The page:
Distributions Mean More than Means: Simple Statistics in Benchmark Analysis

October 3, 2007 Dr. John Mashey

Abstract:
For decades, computer benchmarkers fought a War of Means, arguing over proper uses of different means, starting in the mid-1980s. One would think this basic issue of computer performance analysis would have been long resolved, but it has really only started to get fixed recently, as in Hennessy & Patterson's: Computer Architecture: A Quantitative Approach, 4thEdition, . This argument has persisted only because the argument was wrongly framed years ago, and people's mindsets long stayed within that framing, which tended to use algebra, but not statistics. It is common practice to say "Performance is not a single number," and then give a single number anyway. Long ago, we chose the Geometric Mean for the SPEC CPU benchmarks, correctly, but did not really understand the strongest reason for that choice. No matter how badly people want a single number for performance, it is better described by a statistical distribution than by a mean alone, and as usual, distributions yield more insight for computer architecture, as they do in other areas of science. This talk offers ideas for some better performance and power analysis techniques, by applying simple statistics, with emphasis on application of the lognormal distribution.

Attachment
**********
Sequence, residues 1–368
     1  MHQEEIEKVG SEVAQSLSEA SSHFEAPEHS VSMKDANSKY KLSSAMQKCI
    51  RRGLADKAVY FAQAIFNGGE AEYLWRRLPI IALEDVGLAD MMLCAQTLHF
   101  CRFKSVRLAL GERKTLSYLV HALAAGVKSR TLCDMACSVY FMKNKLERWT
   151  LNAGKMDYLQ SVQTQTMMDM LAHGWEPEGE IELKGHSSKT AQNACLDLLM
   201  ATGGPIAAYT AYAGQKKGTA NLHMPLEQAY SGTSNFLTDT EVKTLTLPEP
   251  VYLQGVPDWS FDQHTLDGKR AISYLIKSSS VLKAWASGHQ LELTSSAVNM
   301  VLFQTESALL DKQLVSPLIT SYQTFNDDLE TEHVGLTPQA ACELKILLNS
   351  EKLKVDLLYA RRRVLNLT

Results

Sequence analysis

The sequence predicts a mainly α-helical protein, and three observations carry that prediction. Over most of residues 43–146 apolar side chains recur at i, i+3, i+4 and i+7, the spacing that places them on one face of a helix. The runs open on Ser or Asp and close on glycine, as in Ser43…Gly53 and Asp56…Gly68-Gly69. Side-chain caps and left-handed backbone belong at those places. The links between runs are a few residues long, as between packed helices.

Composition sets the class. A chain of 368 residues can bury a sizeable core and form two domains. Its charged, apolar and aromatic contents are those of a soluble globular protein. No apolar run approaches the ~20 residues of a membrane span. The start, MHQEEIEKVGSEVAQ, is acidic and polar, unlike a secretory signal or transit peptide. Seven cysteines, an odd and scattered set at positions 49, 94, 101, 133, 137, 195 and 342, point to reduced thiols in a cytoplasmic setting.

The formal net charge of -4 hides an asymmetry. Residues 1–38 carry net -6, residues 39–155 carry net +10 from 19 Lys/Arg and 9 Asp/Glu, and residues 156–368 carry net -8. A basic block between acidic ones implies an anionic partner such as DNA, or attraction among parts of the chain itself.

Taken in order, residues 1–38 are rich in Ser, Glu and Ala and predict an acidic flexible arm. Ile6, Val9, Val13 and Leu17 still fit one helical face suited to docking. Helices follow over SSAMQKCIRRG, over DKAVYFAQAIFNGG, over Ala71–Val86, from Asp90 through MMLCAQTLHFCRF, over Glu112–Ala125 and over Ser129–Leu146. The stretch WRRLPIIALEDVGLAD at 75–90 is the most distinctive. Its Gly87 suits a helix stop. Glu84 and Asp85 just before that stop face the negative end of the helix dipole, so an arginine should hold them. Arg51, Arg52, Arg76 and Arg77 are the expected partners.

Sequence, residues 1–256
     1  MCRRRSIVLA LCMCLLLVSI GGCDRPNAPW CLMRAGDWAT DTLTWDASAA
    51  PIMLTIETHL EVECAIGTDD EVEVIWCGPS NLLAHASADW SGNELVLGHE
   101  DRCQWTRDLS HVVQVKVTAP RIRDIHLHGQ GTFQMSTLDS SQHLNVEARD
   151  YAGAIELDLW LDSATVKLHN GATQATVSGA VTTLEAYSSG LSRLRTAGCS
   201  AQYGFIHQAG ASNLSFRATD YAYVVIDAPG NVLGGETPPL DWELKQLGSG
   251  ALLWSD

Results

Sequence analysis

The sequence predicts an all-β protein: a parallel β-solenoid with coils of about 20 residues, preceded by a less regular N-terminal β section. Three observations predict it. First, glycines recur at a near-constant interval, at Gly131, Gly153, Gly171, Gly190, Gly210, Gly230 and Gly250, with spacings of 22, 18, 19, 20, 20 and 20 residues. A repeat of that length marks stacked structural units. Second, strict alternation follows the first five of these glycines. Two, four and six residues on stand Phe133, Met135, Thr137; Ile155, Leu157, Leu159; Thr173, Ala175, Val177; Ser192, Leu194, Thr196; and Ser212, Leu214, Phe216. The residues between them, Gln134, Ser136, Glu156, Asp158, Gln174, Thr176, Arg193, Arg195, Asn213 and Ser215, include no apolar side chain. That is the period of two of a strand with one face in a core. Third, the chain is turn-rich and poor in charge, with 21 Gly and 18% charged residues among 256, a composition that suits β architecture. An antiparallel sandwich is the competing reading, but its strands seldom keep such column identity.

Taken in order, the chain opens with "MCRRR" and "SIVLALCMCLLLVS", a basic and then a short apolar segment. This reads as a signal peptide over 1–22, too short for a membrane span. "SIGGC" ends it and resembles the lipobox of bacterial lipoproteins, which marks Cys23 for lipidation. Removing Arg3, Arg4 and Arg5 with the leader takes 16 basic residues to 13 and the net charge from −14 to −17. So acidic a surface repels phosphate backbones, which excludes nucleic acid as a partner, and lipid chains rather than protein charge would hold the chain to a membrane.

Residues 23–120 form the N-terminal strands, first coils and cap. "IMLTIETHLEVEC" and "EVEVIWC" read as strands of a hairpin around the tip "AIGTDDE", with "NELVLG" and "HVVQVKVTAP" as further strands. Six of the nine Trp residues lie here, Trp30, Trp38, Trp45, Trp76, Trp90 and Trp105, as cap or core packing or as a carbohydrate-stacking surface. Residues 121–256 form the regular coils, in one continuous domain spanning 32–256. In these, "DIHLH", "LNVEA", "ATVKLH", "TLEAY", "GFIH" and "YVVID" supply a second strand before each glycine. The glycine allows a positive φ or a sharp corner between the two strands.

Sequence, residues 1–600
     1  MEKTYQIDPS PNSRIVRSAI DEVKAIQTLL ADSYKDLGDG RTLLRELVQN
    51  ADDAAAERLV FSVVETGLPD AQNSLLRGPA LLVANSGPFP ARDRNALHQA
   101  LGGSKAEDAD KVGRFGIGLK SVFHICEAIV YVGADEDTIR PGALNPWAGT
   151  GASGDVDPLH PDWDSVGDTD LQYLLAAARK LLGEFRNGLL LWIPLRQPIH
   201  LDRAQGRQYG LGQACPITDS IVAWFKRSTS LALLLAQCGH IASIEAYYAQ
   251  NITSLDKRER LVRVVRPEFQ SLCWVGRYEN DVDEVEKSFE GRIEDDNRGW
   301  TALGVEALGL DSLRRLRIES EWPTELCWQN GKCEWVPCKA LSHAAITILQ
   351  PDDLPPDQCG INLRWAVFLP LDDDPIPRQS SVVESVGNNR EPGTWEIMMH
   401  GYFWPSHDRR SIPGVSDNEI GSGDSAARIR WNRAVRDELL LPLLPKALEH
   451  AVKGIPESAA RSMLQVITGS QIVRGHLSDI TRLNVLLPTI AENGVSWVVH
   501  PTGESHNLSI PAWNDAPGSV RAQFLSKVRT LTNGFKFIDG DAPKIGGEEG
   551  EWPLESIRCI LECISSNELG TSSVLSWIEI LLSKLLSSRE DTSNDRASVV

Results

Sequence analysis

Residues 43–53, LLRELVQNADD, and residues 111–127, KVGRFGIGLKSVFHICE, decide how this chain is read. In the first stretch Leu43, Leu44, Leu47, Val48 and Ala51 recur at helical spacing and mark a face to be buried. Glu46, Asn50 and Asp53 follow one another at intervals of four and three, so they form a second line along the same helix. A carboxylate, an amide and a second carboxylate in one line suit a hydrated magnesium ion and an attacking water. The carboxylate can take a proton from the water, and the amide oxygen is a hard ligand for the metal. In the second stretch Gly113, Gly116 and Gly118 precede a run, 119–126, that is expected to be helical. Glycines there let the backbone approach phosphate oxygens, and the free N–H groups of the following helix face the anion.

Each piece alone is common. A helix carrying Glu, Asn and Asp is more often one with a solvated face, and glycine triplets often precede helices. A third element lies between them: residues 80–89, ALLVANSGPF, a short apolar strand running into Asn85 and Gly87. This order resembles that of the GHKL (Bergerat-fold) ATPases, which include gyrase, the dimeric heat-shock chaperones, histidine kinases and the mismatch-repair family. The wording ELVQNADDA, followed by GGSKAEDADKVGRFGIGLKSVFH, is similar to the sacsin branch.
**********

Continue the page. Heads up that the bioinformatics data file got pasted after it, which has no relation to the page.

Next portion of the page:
Bio:
Dr. Mashey is a consultant for venture capitalists and technology companies. He is "an ancient UNIX person," having started work on it at Bell Labs in 1973, and continuing to work there for 10 years. He has been in Silicon Valley since 1983 at Convergent Technologies, MIPS Computer Systems, and Silicon Graphics, ending as VP and Chief Scientist. He was one of the founders of the SPEC benchmarking group, and was Hot Chips Program Co-Chair, and has given more than 500 public talks about software engineering, RISC and systems architecture, and performance analysis. He is also a Trustee of the Computer History Museum.